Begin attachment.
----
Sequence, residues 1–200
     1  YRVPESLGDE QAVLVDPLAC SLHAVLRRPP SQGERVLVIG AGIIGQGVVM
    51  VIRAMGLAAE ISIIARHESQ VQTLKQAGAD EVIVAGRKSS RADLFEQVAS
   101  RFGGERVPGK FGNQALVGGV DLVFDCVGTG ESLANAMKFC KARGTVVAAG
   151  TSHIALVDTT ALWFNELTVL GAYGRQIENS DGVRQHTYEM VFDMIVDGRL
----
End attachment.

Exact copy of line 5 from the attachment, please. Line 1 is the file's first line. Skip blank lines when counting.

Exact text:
   151  TSHIALVDTT ALWFNELTVL GAYGRQIENS DGVRQHTYEM VFDMIVDGRL